"...one hope of your calling; one Lord, one faith, one baptism, one God and Father of all who is over all and through all and in all."
During the adoption hearing, the judge uses covenantal language to inquire of the adopting parents:
"Do you understand that if the Court grants your petition for adoption today, that for all purposes this minor will be your lawful daughter/son? Do you understand that all of the rights, duties, and responsibilities of the parent child relationship? Do you understand these include the duty of support, and the right of inheritance? And you willingly accept all of those rights, duties, and responsibilities as they relate to yourself and the minor?"
And upon the affirmative response by the adopting parents, the judge then pronounces her judgment with the following beautiful words,
"The Court hereby finds that it is in the best interest of the minor child(ren) herein that the petition for adoption be granted, and it is hereby ordered, adjudged, and decreed that the adoption be granted, and that____(minor) shall henceforth be the lawful child of Mr./Mrs./Ms.____, and further Mr./Mrs./Ms.____ shall sustain toward____(minor) and____(minor) the legal relation of parent and child, and each will be subject to all of the rights, duties, and responsibilities of that relationship. The name of the minor child(ren) herein shall henceforth be____."
With this, the church has agreed,
"All those that are justified, God vouchsafeth, in and for His only Son Jesus Christ, to make partakers of the grace of adoption: by which they are taken into the number, and enjoy the liberties and privileges of the children of God; have His name put upon them; receive the Spirit of adoption; have access to the throne of grace with boldness; are enabled to cry, Abba, Father; are pitied, protected, provided for, and chastened by Him as by a father; yet never cast off, but sealed to the day of redemption, and inherit the promises, as heirs of everlasting salvation." (Westminster Confession of Faith, Ch. 12).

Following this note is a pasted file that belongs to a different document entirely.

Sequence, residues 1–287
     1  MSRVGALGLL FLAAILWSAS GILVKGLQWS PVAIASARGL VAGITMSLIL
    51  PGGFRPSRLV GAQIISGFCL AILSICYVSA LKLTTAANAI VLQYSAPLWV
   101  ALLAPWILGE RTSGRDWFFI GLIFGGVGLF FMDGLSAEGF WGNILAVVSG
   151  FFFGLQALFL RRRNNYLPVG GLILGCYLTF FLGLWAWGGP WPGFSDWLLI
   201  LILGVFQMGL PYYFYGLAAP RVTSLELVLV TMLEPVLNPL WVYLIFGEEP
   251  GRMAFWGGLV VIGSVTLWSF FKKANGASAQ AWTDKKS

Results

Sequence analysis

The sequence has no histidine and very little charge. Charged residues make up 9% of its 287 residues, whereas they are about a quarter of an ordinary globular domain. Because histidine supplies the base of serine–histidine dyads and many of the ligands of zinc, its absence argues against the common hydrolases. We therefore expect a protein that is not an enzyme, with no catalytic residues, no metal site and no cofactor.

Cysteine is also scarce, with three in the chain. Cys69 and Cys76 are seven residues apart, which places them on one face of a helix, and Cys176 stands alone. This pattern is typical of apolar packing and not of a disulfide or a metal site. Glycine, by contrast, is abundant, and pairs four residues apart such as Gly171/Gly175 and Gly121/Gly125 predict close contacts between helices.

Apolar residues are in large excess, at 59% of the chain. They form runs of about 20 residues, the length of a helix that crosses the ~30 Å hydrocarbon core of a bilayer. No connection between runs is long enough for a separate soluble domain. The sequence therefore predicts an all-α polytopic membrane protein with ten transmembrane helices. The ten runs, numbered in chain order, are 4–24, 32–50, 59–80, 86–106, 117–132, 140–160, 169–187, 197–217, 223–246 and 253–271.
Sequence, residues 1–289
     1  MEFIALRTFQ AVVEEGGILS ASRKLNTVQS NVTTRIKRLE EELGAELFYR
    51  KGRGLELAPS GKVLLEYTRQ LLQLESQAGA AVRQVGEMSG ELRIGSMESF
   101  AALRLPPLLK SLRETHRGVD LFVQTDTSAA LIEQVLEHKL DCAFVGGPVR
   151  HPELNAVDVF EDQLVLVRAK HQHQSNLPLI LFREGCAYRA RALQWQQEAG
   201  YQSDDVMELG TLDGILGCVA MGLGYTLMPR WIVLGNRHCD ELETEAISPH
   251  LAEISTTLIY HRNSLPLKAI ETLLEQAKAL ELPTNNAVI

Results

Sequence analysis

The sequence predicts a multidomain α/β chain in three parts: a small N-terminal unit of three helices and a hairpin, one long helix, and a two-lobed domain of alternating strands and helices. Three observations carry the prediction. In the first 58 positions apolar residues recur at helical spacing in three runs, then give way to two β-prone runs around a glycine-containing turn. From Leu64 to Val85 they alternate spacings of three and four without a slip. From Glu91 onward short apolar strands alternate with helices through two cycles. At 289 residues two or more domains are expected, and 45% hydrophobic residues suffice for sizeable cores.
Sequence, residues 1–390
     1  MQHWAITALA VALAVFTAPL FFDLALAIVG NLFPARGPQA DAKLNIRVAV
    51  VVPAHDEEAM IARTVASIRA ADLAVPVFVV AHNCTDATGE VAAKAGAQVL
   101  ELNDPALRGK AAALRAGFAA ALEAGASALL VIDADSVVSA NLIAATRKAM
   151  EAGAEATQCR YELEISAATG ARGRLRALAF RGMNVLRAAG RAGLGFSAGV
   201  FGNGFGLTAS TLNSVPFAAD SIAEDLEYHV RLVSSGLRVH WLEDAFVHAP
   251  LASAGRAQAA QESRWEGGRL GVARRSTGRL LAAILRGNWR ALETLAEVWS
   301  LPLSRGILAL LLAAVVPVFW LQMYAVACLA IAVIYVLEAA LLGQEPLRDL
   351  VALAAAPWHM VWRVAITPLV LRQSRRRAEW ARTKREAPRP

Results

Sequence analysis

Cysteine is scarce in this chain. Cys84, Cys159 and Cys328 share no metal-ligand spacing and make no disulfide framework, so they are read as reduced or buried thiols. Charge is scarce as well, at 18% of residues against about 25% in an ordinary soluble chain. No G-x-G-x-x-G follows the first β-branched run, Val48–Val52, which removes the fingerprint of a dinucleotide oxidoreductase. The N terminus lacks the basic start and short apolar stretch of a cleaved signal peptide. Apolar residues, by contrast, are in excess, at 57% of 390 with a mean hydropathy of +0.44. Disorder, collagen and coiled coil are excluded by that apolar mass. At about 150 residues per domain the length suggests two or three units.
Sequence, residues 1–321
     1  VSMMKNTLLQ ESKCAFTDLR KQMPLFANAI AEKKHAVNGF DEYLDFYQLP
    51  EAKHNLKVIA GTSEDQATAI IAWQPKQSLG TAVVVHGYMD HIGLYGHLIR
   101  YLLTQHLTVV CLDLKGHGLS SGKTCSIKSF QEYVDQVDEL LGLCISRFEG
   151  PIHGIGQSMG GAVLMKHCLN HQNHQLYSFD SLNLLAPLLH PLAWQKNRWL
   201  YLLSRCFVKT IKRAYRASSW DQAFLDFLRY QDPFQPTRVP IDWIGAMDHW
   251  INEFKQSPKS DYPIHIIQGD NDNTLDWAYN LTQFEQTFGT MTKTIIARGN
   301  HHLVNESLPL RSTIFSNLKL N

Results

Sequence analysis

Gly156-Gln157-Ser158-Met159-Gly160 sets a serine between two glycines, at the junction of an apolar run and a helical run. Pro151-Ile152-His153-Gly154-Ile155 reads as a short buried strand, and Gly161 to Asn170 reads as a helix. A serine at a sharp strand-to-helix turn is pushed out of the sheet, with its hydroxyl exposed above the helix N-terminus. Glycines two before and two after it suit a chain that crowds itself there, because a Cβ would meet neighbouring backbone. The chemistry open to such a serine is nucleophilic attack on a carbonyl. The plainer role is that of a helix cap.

I’ll let Thomas Watson conclude,
"We have enough in us to move God to correct us, but nothing to move him to adopt us, therefore exalt free grace, begin the work of angels here; bless him with your praises who hath blessed you in making you his sons and daughters."
Picture: Emperor Augustus, who would never have become Emperor had Julius Caesar not adopted him.